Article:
Venezuelan dictator Nicolás Maduro’s claims about testing capacity and preparedness for COVID-19 are fabrications that belie how “completely unprepared” the beleaguered country is for the pandemic’s spread, a top U.S. diplomat told the World Affairs Council of Atlanta.
Jimmy Story, chargé d’affaires for the U.S. State Department’s Venezuela Affairs Unit, said that if the coronavirus hits as hard as expected, it may finally undercut the last vestiges of support for the embattled leader, who was indicted last month by the U.S. Justice Department for narco-terrorism and drug trafficking.
“They are potentially weeks away from going into complete chaos,” Mr. Story said of the country. He spoke to the council from Bogota, Colombia, where the U.S. mission to Venezuela has operated since lowering the flag at the embassy in Caracas March 14 of last year.
Initially, U.S. diplomats refused to leave, as they didn’t recognize the legitimacy of the government that had ordered them out, but the situation quickly deteriorated.
“There were roving bands of criminals, a lot of people being killed, no electricity, no water. We could no longer have the certainty of our security,” Mr. Story said in conversation with Council President Charles Shapiro, himself a former U.S. ambassador to Venezuela.
Venezuela’s rolling political crisis and the economic collapse, enhanced by the mismanagement and corruption of Mr. Maduro’s “criminal organization,” left its health system in shambles long before the pandemic arrived or the U.S. left, Mr. Story said.
Citing sources from inside the country, Mr. Story said half of Venezuelan hospitals have no running water, and even more are without soap. Many are saddled with non-functioning equipment that is missing parts or lacking properly trained operators. An estimated 20,000 medical professionals are among the more than 5 million people who have fled as refugees, many to neighboring Colombia. Mr. Story estimated that Venezuela, with 29 million people still in the country, has just 84 ventilators. Gasoline shortages mean that some doctors and many patients can’t even get to hospitals.
Mr. Story was quick to point out that hospitals were in “abysmal shape” before the U.S. enhanced sanctions on the Venezuelan government in early 2019, further crippling its oil-reliant economy.
January 2019 was when the U.S. (and eventually 57 other countries) recognized National Assembly President Juan Guaidó as the country’s legitimate leader. But Mr. Maduro, backed by the army, for more than a year has defied calls from the international community to step down and allow the formation of an emergency government to administer fresh elections. The combination of low oil prices and a looming pandemic pose new challenges to his rule.
Mr. Story has no doubt Mr. Maduro’s regime is underreporting the impact of COVID-19, counting fewer than 300 cases and 10 deaths so far.
“The regime is claiming that they’re the highest-testing country in the region, that they provide 25,000 tests a day,” Mr. Story said, noting that tests are being processed in a single government-sanctioned lab in Caracas. “It’s not true. It is completely false.”
Some on the call with family members working as doctors in Venezuela commented that the Maduro regime was focused not on testing but instead on persecuting those who bring attention to new cases.
Adding a health crisis on top of the dire economic situation will lead to further more strident agitation among Mr. Maduro’s opponents, a process Mr. Story says is already playing out on the streets in some poorer neighborhoods around Caracas.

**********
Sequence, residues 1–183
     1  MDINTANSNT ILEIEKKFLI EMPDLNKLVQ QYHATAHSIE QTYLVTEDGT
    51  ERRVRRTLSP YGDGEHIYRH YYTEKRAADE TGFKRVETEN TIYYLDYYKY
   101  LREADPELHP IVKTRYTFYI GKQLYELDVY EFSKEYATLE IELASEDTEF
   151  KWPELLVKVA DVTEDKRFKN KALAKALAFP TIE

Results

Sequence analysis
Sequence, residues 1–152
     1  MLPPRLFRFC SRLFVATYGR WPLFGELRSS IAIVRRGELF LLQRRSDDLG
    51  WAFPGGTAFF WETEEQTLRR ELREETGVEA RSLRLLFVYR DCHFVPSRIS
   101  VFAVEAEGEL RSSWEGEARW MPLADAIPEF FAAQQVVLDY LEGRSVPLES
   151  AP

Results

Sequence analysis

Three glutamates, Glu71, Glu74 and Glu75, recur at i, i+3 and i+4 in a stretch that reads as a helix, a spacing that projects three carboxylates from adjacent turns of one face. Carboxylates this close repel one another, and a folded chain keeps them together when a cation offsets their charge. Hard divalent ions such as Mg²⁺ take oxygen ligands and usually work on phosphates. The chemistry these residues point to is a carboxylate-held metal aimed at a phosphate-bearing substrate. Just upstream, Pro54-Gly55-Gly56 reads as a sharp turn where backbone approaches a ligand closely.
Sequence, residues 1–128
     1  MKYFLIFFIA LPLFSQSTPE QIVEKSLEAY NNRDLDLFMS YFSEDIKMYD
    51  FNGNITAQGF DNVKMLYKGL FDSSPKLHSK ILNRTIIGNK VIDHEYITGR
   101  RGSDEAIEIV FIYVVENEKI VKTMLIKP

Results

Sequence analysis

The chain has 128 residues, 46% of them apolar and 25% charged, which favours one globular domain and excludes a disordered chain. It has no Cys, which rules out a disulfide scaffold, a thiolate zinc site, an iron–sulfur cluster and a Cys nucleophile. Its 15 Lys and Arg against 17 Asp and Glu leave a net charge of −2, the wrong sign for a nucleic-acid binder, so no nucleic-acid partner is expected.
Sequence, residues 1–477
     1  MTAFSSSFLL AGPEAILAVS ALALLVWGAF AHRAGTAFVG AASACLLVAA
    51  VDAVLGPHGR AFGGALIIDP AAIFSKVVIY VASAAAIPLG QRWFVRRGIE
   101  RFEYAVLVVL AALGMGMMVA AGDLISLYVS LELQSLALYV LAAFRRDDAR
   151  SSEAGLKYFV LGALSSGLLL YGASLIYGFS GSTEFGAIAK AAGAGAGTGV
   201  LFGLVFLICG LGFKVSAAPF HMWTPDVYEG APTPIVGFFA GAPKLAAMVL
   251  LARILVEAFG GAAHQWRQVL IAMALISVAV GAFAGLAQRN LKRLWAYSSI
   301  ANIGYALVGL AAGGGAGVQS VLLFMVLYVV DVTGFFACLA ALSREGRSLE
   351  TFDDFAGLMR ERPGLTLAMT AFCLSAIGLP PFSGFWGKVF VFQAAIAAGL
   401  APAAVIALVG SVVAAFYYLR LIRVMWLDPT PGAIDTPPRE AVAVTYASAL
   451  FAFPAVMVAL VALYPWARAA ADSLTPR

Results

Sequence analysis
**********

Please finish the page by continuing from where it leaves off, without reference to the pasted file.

Mr. Maduro, meanwhile, shuttles between the army barracks where he lives and Miraflores, the presidential palace where he works. Mr. Story said despite the propaganda, Mr. Maduro has very little support among the population and that polls indicate Mr. Guaidó remains by far the most popular politician in the country, despite reports showing their po
Deep patronage networks make it hard to persuade military leaders to turn on Mr. Maduro, though many are starting to feel the same hardships as the general population, Mr. Story said.
The problem is one of “inertia,” with Mr. Maduro’s regime bolstered by three outside nations: China, which sees a business opportunity in a country sitting on an “ocean of natural resources;” Russia, which wants to poke a finger in the eye of the U.S. in the Western Hemisphere, and Cuba, which Mr. Story went so far as to say is effectively calling the shots in the country.
Still, Mr. Story said he remains deeply connected to Venezuela from Bogota, and from what he’s hearing, he believes he will be back in Caracas after what he sees as Mr. Maduro’s inevitable relinquishing of power before the end of this year.
“I’m going to be back at the embassy and the flag’s going to be flying high,” he said. “The arc of the moral universe bends toward justice, and the fact of the matter is, every day you’d be surprised at who within the regime is reaching out to us about how to make things better and how to get this things back on track.”
As much as he would like to see an Alexander Hamilton-type figure come in and rewrite the constitution, Mr. Story predicted the transition to new government in Venezuela may not have a heroic figure and won’t be quick or easy.
Venezuelans will have to decide how to bring justice to the regime for extrajudicial killings by Maduro’s forces and handle outstanding criminal indictments internationally. A “truth and reconciliation” commission is one idea the U.S. has floated.
The U.S. has experience making tough choices in the name of peace when it comes to ousted dictators, he said, stressing that the U.S. in no way wants to take decisions about Venezuelans’ future out of their hands, Mr. Story said.
“It’s going to be a very difficult and messy process that is going to take some time for the Venezuelans themselves to work through.”
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